Posts Tagged ‘Sharon Lin’

As some of you know, I will be going on a six month detail in the EPA Pacific Southwest Region (Region 9) environmental justice office. I am excited about the new career opportunity. My passion in environmental justice and social justice has grown in the past 8 years during my work on the Palos Verdes Shelf (PV Shelf) superfund project.  Naturally, my passion has led me to this new opportunity.  

In 2002, when I first became the project manager for the PV Shelf project, we were grappling with a real risk exposure and public health problem facing our communities.  After my first meeting with the project stakeholders, James Alamillo with Heal the Bay approached me and told me this is an environmental justice (EJ) project. He asked me “what is this administration’s plan to protect the EJ community?”  I didn’t have an answer for him.  

When I got back to my office, I started reading up on environmental justice and took a fundamentals of EJ training offered at EPA.  As an immigrant who came to this country at the age of 18 and someone who is always interested in the history of the Civil Rights movement in the U.S., I got it immediately.   The EJ communities are not faceless people to me; instead, they are people like me.  This enlightenment put a new resolution in my commitment to my work.  

Many of you know this project has been so innovative in linking scientific risk reduction measures with community outreach work.  This project is built on the solid foundation of “meaningful involvement” and “equal and fair treatment” of all people. We were the first EPA Superfund project that introduced the strategic planning tool with a neutral facilitator and have been consistently using this tool to guide our program implementation over the past six years.  We were the first and only Superfund project that has brought environmental justice training to the community, local and state agency partners.   We’ve made decisions together. We worked to get our local and state governmental agencies involved in this mission of protecting people who are the most vulnerable, most in need of our help and are often voiceless.  This project is not just a Superfund site or a job to me, I found my calling in this work.

James Alamillo and I talked again recently.  He asked me how I felt about leaving this project, “Sharon’s baby” in his words.  I think of this change as a short break.  I am taking the knowledge and experience of what I have learned from all of you and applying it to a broader program.  I encourage you to continue sharing with your constituencies this incredible project that we have built collectively. I will keep in touch and update you on my new job.  See you in 2011.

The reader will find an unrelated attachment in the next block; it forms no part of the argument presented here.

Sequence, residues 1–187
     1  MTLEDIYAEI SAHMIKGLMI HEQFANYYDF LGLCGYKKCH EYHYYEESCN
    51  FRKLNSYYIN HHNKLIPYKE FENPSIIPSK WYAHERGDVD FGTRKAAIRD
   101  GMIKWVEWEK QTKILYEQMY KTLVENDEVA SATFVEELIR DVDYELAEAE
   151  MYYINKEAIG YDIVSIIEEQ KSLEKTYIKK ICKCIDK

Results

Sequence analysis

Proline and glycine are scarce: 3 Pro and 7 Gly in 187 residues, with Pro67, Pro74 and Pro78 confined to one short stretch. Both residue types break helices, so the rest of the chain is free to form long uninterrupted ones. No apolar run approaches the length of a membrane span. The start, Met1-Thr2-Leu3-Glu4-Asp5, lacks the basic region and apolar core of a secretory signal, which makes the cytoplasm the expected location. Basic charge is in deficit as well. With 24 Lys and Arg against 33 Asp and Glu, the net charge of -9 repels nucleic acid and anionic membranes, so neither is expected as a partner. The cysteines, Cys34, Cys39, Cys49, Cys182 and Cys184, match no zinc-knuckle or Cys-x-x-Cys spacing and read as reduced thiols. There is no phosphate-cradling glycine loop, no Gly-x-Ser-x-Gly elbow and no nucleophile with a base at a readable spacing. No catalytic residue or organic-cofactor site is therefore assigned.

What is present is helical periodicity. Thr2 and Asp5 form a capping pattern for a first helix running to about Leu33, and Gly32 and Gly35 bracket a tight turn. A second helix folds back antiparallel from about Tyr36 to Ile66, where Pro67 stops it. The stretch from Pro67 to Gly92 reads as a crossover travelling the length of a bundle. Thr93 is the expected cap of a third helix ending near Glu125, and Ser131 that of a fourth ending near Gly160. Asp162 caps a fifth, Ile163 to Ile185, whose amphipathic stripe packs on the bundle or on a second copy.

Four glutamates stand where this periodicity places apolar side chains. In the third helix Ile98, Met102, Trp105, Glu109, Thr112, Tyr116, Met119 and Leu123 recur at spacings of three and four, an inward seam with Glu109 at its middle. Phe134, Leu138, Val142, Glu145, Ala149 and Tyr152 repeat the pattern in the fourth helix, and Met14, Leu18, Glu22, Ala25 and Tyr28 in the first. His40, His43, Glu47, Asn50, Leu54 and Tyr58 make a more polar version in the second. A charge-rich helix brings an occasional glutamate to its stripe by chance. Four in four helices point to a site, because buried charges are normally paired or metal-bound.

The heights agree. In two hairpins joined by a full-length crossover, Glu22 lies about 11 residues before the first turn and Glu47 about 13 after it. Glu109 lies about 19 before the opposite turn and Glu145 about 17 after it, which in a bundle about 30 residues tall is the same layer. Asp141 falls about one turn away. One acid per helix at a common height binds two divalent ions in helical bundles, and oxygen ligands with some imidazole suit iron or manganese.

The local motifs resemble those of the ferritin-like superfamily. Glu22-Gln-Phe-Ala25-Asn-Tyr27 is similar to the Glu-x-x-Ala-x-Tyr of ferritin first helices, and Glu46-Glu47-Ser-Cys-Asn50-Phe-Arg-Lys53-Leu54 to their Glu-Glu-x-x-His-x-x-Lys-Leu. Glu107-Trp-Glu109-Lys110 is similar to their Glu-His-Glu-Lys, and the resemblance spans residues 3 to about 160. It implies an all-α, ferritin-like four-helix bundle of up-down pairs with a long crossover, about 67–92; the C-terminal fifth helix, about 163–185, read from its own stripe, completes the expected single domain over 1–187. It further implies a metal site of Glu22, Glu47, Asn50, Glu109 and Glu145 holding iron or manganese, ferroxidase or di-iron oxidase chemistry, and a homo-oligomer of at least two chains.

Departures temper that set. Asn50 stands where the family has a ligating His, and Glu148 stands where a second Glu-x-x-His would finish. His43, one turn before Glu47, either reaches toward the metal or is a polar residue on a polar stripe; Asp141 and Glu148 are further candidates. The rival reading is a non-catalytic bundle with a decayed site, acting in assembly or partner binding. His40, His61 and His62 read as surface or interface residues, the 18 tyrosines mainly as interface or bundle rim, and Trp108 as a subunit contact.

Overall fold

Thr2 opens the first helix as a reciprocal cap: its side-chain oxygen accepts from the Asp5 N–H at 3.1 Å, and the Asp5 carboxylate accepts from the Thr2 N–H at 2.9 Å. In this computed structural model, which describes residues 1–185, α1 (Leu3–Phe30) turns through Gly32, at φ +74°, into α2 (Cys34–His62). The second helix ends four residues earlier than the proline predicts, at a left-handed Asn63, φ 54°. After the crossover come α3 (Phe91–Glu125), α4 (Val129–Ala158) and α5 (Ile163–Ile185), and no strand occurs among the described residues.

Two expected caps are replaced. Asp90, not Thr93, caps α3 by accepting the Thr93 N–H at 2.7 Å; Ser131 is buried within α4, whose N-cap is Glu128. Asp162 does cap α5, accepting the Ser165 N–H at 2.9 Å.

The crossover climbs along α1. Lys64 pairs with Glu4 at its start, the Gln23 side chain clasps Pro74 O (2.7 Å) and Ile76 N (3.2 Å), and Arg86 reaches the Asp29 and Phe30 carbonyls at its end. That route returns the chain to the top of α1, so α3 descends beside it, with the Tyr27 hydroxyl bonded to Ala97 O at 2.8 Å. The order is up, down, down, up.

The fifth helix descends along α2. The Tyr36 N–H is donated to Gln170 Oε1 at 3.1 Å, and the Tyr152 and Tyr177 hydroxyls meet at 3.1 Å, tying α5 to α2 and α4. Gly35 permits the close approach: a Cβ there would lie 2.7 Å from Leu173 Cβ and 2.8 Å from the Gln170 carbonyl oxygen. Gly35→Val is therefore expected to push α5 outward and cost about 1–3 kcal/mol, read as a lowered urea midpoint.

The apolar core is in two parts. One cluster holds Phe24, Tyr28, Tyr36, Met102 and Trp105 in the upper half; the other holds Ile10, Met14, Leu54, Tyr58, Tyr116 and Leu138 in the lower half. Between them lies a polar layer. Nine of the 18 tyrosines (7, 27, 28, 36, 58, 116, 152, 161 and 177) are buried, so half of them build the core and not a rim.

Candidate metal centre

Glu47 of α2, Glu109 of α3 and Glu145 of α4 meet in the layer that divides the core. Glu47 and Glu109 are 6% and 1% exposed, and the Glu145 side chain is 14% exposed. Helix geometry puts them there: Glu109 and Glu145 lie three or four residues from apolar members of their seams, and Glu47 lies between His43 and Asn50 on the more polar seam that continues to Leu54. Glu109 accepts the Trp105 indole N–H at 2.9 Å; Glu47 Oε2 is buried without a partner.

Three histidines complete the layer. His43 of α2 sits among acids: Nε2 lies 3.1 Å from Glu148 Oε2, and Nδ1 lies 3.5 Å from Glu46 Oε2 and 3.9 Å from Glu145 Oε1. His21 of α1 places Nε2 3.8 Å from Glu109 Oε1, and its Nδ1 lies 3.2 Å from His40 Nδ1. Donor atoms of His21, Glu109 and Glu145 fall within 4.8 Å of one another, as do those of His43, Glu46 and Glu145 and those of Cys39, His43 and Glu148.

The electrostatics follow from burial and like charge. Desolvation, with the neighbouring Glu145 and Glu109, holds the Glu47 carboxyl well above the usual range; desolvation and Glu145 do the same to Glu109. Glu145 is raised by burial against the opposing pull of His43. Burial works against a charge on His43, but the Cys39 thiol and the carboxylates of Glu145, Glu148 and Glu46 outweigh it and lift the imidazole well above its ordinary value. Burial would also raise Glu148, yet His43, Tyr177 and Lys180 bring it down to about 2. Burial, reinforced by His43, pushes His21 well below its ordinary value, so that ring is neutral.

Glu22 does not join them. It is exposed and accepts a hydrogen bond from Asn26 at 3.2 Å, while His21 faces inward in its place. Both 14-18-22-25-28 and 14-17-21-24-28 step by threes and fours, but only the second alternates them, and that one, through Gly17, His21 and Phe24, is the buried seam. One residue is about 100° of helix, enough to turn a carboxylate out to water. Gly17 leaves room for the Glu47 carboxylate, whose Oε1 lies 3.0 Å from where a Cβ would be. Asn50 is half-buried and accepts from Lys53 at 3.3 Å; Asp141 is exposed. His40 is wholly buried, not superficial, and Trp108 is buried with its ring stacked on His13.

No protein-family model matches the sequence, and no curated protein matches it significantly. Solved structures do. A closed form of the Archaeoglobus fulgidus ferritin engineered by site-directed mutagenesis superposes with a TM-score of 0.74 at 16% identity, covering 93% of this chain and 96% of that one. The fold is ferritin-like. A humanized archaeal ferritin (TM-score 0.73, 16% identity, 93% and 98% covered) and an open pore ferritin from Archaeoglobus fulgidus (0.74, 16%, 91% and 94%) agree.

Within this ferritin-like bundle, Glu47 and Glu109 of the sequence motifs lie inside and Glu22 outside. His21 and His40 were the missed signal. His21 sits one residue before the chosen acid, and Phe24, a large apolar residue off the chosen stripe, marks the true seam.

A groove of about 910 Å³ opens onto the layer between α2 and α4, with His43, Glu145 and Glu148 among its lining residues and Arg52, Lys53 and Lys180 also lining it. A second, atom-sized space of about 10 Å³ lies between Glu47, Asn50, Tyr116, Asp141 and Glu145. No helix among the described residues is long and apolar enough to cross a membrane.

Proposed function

The core of the FCEC program is fishing. The sport runs deep in Southern California culture and history, indeed for some in our greater community it is far more than a sport, it’s a necessity to survive. Fishing is dear to my heart as my husband often takes our young children fishing on the weekends. It is indeed a great outdoors experience for all people.

In this issue of the Fall FCEC newsletter we celebrate our local fishermen. It is these folks that our program seeks to reach, and it is these individuals that we hope will spread the word further about fish contamination in our region.

First we have two informative videos to share with you. Our first is an instructional video on how to properly prepare your local catch. Knowing which parts of the fish are safest to consume could have lasting positive health impacts on those who eat these fish. The second video you can view here is from a sport fishing angler at the Redondo Beach Rod & Gun Club. Check out what he has to say about the information we shared with him!

In this issue of the FCEC newsletter you can also read about our community education work with team member Frankie Orrala of Heal the Bay. Also, in recognition of the anglers that make up the majority of our outreach and the vibrant fishing culture in our region, we also have a recap of Fisherman Appreciation Day, which was held in late July.

Lastly, if you haven’t had a chance to check out our blog since the last issue, I hope you will do so! Every week we post new articles that are both educational and practical. We post fish recipes, interviews and upcoming events! There is something for everyone.

Be sure to let us know what you think. Your feedback is greatly appreciated as it helps shape the direction of our work. How do you leave feedback you ask? It’s simple: just post a comment on the article that interests you the most. We’ll be sure to reply back.

Thanks again for reading. Here’s to the fishing community that makes FCEC so relevant and vibrant. So grab your pole and hit your local pier!

Sincerely,

Sharon Lin

EPA Region 9
Remedial Project Manager